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National Rift Resonates in Md. Display

"We still feel it's more secular than religious. It's what our laws are based on today," Wahls said.

The controversy here began in late summer with a complaint from Jeffrey Davis, an emergency room doctor at the Western Maryland Health System who lives in Garrett County. Sitting on a bench outside the courthouse one day, he was reading an account of Alabama Chief Justice Roy S. Moore's defiant attempt to keep a 2.5-ton Ten Commandments display in the high court. Then he looked up and saw Allegany's monument.

The protest by Edward Taylor Jr., the Rev. Ronald Yost and others over removal of the monument, on display in Cumberland, Md., since 1957, prompted its return. (Photos Katherine Frey -- The Washington Post)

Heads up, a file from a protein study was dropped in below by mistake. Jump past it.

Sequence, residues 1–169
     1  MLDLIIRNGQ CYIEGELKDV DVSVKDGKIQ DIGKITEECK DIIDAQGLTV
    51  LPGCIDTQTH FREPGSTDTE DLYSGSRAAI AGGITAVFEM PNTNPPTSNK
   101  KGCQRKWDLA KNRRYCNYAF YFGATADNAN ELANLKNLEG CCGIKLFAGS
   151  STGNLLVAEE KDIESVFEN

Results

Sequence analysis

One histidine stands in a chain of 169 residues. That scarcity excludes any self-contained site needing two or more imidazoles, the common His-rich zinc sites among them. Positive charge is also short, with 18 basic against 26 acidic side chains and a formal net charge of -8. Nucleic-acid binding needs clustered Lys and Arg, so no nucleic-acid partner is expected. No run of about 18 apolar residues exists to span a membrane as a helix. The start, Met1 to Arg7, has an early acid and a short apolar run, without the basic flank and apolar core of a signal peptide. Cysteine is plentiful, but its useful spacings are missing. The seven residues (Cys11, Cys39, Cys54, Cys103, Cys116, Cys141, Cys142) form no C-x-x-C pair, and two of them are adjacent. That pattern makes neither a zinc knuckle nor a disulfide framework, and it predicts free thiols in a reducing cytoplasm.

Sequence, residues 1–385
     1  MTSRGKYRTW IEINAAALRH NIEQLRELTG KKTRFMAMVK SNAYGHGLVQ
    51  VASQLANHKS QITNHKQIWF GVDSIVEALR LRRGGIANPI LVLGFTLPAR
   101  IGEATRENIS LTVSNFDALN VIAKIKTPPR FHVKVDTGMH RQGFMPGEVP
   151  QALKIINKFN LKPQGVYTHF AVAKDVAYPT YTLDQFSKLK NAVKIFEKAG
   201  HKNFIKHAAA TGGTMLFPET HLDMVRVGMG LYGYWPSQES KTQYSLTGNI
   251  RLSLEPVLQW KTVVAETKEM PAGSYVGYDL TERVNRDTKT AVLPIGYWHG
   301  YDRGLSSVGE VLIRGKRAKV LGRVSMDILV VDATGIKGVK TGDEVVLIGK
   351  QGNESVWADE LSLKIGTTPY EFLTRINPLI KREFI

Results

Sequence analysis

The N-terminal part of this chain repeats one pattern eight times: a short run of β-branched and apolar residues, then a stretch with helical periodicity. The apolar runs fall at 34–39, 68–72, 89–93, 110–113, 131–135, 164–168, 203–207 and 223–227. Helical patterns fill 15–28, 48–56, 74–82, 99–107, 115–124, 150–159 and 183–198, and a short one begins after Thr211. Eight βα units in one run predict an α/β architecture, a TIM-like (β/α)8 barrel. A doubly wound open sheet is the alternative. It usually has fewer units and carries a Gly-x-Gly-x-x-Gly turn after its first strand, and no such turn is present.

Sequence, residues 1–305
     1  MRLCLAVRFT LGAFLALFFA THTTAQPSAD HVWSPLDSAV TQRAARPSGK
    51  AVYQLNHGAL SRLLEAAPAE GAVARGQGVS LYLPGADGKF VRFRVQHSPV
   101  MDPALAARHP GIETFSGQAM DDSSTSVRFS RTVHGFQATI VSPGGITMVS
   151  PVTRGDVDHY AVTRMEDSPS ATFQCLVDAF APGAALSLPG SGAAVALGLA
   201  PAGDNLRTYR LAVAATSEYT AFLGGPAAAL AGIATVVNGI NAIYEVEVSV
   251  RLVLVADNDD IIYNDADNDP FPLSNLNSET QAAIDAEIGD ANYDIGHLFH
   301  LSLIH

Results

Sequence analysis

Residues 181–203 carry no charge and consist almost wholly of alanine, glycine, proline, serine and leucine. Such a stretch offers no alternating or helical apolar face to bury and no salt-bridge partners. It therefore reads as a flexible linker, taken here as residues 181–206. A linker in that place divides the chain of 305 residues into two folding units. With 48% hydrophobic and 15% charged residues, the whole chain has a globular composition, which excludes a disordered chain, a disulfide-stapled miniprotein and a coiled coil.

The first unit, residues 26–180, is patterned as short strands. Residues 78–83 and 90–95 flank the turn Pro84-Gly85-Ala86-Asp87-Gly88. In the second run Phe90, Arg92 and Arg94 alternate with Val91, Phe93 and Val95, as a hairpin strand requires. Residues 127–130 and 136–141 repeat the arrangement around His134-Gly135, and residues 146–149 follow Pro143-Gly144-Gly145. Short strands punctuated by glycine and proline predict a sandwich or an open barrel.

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Davis, 56, who attended a Presbyterian church as a teenager, said he now considers himself a "humanist." He also believes one does not need to embrace the concept of a God to lead a moral life.

"There's plenty of religious people who are evil," he said.

Davis said he wrote a letter of protest to the county because the monument implies that the legal system embraces Judeo-Christian beliefs. This is at odds, he said, with a country that is more diverse than ever.

The monument was moved on Columbus Day just before all three commissioners left on vacation, which led to allegations that they had tried to act in secret. The demonstrators' anger was further stoked by the monument's new location: the back yard of the Cumberland Cultural Foundation's Gilchrist Gallery next door, in an area that had once been a dog pen.

"You had to trespass on the property just to see the monument in a dog cage," Taylor said.

County Commissioner Robert M. Hutcheson (R) said the board moved the monument merely to try to spare taxpayers of an expensive lawsuit.

"We didn't think anything about it," Hutcheson said. "And all hell broke loose."

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